While health and wellness retailer GNC isn’t as physically fit as it once was, a new ad campaign might help restore some vitality.
In a lighthearted, self-deprecating spot from Havas New York that debuted earlier this month, GNC invited viewers to see the company in a different light by focusing on an asset more valuable than a tub of protein powder or stockpile of vitamins. That special ingredient? Its in-store sales associates, which the ad represents through a relentlessly resourceful female spokesperson eager to assist customers with their unique health goals. Yes, the company still enables buff dudes to get even buffer, but it also cares about people seeking to eat, sleep and age better, too.
“Our expertise is something we think is a competitive advantage versus the competition,” said Ryan Ostrom, GNC’s chief brand officer, who noted that the campaign aims to reposition the retailer’s sales associates as coaches well-versed in all things nutrition. “In a lot of places, you don’t have the knowledge, you don’t have the experience, and that’s what our coaches bring to the table.”
GNC plans to broadcast the campaign throughout the year on TV and digital—from online video to streaming radio to paid social—with a continued emphasis on its sales associates.
All this comes after years of struggles for GNC.
Since August 2015, the 85-year-old company’s share price has declined over 90%, dropping from around $50 to just north of $2 today. In its latest annual report, covering the fiscal year ended Dec. 31, 2018, GNC reported total revenue of $2.4 billion, down 5% compared to the year prior. In late 2018, the company announced plans to close between 700 and 900 stores in the U.S. and Canada within three years.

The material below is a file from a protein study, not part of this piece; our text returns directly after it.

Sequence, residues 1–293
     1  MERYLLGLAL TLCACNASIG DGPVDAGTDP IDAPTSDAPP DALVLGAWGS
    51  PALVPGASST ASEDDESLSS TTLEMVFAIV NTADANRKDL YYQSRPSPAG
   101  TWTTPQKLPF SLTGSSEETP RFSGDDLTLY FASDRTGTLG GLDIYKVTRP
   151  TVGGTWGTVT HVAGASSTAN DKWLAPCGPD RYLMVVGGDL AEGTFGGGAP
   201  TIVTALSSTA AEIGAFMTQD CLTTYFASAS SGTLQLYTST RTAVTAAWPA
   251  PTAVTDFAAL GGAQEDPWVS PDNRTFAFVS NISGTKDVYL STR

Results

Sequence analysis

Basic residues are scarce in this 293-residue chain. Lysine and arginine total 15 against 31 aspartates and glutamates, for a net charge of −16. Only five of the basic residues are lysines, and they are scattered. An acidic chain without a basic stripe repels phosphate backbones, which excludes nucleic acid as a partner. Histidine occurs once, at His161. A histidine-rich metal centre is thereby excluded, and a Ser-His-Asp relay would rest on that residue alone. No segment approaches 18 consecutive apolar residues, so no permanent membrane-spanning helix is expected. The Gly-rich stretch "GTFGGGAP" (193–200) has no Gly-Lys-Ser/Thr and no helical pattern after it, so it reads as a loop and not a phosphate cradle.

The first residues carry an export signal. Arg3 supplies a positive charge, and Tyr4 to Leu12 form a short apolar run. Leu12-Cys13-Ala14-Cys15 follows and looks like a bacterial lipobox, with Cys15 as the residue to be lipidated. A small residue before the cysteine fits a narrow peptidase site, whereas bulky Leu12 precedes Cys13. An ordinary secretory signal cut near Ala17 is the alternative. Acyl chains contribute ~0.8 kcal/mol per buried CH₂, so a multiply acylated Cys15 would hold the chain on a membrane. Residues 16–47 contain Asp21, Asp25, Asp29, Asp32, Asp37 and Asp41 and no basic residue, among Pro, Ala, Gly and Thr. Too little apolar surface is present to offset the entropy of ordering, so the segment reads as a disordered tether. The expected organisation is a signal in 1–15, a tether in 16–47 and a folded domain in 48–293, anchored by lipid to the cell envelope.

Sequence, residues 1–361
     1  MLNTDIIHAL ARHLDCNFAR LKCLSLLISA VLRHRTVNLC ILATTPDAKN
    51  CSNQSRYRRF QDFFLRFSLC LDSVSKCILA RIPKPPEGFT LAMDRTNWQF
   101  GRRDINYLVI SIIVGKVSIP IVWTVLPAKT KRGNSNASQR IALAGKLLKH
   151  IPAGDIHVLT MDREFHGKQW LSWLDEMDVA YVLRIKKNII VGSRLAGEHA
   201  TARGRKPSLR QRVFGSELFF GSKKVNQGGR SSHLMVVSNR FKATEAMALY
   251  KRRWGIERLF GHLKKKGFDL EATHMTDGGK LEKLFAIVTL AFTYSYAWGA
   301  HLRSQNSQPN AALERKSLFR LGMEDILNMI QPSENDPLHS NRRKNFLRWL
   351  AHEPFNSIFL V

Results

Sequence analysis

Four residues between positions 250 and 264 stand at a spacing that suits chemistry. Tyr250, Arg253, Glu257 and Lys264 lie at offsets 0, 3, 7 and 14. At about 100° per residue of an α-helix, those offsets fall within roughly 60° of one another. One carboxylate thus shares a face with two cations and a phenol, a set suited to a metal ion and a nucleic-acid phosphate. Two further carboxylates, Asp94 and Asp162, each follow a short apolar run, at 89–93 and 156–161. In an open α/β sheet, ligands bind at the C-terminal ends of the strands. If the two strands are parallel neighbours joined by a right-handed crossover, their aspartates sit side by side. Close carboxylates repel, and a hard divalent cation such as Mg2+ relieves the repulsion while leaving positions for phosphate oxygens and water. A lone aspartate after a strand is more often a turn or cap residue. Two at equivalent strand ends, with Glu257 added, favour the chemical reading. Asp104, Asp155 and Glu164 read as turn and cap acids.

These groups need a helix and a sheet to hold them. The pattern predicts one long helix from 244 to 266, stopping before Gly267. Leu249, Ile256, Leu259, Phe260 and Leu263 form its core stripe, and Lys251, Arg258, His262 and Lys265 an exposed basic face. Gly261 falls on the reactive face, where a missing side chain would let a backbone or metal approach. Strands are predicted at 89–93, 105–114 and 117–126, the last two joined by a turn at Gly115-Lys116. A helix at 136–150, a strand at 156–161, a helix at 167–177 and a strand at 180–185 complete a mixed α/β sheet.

“You don’t see many retailers bounce back from this level of trauma,” Bryan Gildenberg, chief knowledge officer of retail at Kantar Consulting, told Adweek.
According to Gildenberg, a campaign geared toward broadening a retailer’s appeal beyond its core audience can work, provided the message resonates with potential new customers and the company can deliver on its promises. One element without the other won’t cut it.
Still, the Pittsburgh-based GNC is facing an uphill battle. Part of what’s led to its current beleaguered state, argued Gildenberg, has been undisciplined financial management along with a decline in people visiting shopping malls, where many GNC stores are based. Then there’s the rise in DTC competitors, such as Baze, Ritual and Care/of, that have found a way to convey more authenticity among today’s younger generations, and offer unique services like customization.
Another factor is that other retailers got better at selling the same goods GNC has traditionally sold, Gildenberg said, pointing to Sam’s Club expanding into protein powder as an example.
“The reason why most specialty retailers go out of business, or really struggle, is that they don’t define a category,” Gildenberg said. “If you look at the great specialty retailers of the world, they’re really good at a category that’s really important to their core consumer.”
Gildenberg noted that, to him, GNC and Victoria’s Secret appear to be traveling on parallel tracks, in that both brands have lost control of their respective category and are presently trying to appeal to a new breed of shopper. “Those two retailers feel weirdly kind of similar to me when it comes to some of the challenges they have,” he said.
Ostrom believes that while the average person might still think GNC exists solely to serve those looking to build muscle mass, the new campaign will help educate the public on the wide range of products GNC offers.
“That’s what this ad is really challenging: the perception out there in the marketplace,” he said. “We’re excited about this.”
Gildenberg, on the other hand, doesn’t share the same enthusiasm.
“In general, with all retailers and brands, unfortunately it is much easier to make a very good ad than it is to make a very good retailer,” he said.
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